When it comes to mapping our cities, Google Maps and Apple Maps are streets apart. No map is ever perfect, and the difference between Google and Apple is starkly emphasised when it comes to correcting errors. Here’s what happens …
- I report the problem to Google Maps.
- One minute later I receive an e-mail acknowledgement that the report has been received.
- Four days later I receive an e-mail saying that my report has been reviewed and accepted, and that a correction to the maps will be made.
- Three months later I receive an e-mail saying that the correction is now live on Google maps.
- I report the problem to Apple Maps.
- Still Nothing.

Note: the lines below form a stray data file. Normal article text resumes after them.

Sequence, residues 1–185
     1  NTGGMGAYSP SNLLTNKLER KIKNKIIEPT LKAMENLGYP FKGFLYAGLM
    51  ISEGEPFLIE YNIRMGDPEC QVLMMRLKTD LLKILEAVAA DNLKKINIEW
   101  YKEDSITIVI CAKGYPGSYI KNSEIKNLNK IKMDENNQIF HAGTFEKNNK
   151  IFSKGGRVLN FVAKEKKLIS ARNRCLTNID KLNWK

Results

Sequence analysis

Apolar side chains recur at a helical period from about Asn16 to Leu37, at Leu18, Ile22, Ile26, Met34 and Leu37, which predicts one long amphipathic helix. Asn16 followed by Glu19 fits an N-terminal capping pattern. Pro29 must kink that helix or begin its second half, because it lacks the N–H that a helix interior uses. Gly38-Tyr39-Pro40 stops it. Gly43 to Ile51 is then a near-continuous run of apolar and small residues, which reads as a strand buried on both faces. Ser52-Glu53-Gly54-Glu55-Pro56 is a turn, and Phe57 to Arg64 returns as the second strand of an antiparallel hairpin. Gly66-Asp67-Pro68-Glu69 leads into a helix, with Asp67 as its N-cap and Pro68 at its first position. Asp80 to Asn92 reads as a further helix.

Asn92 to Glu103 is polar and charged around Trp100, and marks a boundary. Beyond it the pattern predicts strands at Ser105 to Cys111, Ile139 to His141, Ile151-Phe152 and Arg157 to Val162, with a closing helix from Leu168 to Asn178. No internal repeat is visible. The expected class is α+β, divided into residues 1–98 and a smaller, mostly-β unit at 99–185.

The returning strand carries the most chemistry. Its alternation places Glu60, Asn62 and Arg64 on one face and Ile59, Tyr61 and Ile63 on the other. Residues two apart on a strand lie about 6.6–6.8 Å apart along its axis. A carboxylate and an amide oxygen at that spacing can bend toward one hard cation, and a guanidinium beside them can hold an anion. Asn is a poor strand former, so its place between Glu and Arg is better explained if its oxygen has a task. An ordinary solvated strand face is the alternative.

- Three months later I report the problem again.
- Nothing again.
- Nothing, not even an acknowledgement the report has been received.
- Two years later, still nothing, not even the sound of crickets chirping, a complete and utter vacuum. Just as well for Apple that they can’t hear people scream in a vacuum.
Mark Maclean charitably suggests that Apple is engaging in a new cartographic discipline called ‘speculative topography’ – I have many other suggested names for Apple’s mapping endeavours, none of them as charitable as Mark’s.